Audit Appeal Issues and Options

By Dean Alexander

After the first panic of an audit notice, you recover and get to the business of collecting evidence to substantiate your numbers on the tax return. You agree (by yourself or with the representative) with the revenue agent, you present the evidence and either wait for a response for a resolution for issues that may pose a tax problem or you can agree right then and there on those issues.

If there is an agreement then that will be the end of the process. You will receive the thirty day letter whereby you will sign it in the case of agreement or alternatively if there is a disagreement, you will prepare for the appeal.

Audit Appeal Letter

The tax audit appeal usually starts with writing the appeal letter. You may not have to write an appeal letter if the amount of tax liability is less than twenty five thousand dollars. If it is more than that, you must file your audit appeal letter (consult your attorney or your CPA). The appeal letter has to follow a specific format. You must sign it under the penalty of perjury if you sign it yourself. If your CPA or the tax attorney signs the letter they must state that they are aware of the facts of the case. Believe it or not you must state that the protest is timely filed even though this can be proven by the certified mail (see Tax Procedure and Tax Fraud, Camilla E. Watson, Thomson West).

Make sure to provide an outline of the evidence in some detail along with your audit protest as to the items of contention. It may even be appropriate to attach documents to prove your case to appeal. If you are missing the deadline however, you may satisfy yourself with an appeal letter that fulfills the procedure requirement e even though there may be a possibility of rejection of the appeal (same reference in the preceding paragraph).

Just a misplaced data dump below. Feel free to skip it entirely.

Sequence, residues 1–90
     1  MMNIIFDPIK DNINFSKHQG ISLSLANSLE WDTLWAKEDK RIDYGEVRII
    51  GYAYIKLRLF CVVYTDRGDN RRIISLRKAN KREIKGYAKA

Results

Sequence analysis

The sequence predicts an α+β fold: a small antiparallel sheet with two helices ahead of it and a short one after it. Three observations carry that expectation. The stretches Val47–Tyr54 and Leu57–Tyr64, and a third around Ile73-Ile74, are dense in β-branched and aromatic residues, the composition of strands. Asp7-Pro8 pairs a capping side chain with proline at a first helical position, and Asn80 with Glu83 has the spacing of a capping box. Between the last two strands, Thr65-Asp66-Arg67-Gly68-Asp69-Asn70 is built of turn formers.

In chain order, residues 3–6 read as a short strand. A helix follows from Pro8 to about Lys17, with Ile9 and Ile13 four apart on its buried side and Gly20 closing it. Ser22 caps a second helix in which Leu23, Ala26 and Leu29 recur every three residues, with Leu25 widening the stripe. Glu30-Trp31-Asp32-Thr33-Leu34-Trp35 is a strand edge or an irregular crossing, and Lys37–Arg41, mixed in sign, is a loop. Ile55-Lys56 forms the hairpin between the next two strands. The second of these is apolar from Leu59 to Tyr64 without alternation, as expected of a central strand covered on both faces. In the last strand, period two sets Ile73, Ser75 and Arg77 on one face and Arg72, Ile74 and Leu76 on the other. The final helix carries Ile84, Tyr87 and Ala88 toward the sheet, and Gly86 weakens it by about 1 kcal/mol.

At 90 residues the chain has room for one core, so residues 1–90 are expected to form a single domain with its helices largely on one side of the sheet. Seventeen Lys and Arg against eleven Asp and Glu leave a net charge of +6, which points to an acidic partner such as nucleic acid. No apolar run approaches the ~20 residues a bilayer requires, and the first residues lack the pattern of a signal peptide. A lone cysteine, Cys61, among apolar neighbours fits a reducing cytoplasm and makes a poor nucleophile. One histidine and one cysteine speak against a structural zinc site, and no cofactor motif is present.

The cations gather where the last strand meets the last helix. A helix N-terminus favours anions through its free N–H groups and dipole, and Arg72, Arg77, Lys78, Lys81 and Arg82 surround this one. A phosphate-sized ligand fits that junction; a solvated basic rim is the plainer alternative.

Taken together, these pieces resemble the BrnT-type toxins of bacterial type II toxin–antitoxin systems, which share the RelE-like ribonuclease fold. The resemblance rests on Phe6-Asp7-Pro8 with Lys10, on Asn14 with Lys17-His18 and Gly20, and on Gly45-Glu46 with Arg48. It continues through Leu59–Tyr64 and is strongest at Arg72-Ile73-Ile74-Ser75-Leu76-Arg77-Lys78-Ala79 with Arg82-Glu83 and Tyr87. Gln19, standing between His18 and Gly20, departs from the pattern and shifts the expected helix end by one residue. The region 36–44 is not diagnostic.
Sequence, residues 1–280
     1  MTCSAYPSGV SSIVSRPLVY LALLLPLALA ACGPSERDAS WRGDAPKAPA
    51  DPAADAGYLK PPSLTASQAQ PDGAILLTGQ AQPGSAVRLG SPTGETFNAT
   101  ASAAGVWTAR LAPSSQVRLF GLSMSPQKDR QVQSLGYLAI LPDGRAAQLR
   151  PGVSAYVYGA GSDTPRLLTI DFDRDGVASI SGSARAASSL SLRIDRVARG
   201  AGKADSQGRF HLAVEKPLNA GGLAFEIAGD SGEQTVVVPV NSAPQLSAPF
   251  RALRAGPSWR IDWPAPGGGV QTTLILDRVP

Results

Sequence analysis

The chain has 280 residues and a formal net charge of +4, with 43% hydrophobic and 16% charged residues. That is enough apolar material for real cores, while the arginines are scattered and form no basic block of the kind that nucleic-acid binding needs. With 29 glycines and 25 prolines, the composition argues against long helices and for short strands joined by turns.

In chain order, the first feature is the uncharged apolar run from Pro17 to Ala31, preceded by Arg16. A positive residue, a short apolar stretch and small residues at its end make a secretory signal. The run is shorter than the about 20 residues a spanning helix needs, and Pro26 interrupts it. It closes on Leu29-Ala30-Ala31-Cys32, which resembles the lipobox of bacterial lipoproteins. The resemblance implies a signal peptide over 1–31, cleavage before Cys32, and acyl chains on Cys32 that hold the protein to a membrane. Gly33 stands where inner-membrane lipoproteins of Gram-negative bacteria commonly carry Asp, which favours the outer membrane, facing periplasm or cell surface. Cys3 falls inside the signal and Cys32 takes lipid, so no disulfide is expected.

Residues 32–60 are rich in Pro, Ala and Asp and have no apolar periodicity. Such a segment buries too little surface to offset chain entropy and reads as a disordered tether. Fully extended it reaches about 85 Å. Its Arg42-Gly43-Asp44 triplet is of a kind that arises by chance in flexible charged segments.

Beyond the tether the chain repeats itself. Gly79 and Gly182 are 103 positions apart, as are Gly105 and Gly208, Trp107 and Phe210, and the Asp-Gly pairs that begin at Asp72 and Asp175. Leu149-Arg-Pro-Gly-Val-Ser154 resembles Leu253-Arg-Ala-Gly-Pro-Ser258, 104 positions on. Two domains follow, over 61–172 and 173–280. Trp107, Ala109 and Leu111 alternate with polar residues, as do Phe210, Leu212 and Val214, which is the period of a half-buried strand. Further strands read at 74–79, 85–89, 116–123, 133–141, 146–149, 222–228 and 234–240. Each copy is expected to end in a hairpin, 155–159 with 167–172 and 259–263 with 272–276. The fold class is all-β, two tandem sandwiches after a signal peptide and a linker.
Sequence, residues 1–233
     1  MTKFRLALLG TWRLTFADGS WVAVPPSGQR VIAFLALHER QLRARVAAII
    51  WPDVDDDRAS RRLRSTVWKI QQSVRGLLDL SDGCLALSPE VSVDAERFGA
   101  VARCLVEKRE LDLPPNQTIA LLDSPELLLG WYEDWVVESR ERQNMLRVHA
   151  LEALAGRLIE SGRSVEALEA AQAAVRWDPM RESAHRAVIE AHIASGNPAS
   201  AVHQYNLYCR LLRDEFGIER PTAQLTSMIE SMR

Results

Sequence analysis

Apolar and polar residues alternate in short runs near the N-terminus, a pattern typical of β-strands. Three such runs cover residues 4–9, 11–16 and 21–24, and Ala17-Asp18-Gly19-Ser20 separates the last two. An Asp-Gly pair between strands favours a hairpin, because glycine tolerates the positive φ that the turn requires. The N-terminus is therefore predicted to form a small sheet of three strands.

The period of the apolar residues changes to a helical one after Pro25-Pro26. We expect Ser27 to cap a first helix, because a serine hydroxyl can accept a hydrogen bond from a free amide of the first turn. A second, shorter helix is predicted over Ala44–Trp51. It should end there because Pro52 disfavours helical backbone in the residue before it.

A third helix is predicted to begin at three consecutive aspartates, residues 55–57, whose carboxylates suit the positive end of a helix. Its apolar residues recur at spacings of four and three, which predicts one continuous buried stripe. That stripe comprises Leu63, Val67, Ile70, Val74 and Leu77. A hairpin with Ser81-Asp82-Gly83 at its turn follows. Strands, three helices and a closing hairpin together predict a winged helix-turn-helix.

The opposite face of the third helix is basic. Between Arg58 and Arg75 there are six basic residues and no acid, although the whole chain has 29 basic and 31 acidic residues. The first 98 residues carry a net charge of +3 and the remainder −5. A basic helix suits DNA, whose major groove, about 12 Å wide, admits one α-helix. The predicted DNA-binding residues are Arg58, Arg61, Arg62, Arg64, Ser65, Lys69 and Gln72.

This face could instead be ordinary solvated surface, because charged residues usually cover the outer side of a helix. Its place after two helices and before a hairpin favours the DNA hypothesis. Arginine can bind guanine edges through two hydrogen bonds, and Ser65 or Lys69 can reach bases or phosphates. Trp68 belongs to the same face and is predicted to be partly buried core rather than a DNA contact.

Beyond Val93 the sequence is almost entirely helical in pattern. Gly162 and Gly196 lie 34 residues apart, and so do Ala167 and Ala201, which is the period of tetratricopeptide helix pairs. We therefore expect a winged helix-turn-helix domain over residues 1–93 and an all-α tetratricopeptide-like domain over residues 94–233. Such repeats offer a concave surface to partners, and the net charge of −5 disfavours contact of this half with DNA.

Appeal Conference vs. Straight to Tax Court

The common norm is to go to appeal before you consider going to court. Some however advocate going
to court to create a favorable outcome when they are called for a conference. You may run the risk of
frivolous filing or if you win you may not be reimbursed for legal expenses.

You should not hesitate however to go to court if you think that appeal is not responsive and your evidence supports your position. Typically a few months after you file for court you will be invited by the IRS for negotiation again (back to appeal). In this instance the IRS is motivated to find a tax resolution to the tax dispute. So in this instance filing a law suit may be the best tax help you can get.

Fast Track Mediation or Arbitration

This alternative is available to self-employed and small business. This mediation can be used if there is one issue not agreed upon while there is a general agreement on the rest of the issues. Although mediation may provide tax relief for both the taxpayers and the IRS, the decision of the mediator is not binding.

Sometimes you can use mediation early for issues that developed in the audit and prove disagreeable. If a key issue is resolved this way before the finalization of the total appeal process, it may help resolve the remaining issues that are negotiated before and after the referral of the major issue. Both the IRS and the taxpayers may find a tax resolution that way.

Although generally speaking appeal within the IRS is the final destination, some cases that result in some disagreement may be referred to arbitration. In this case the arbitration resolution to the tax problem is binding on both parties.

Dean Alexander is the CEO of NFA Tax Help and has been helping clients with tax issues for over 35 years. More information is available at www.resolvemytaxes.com.

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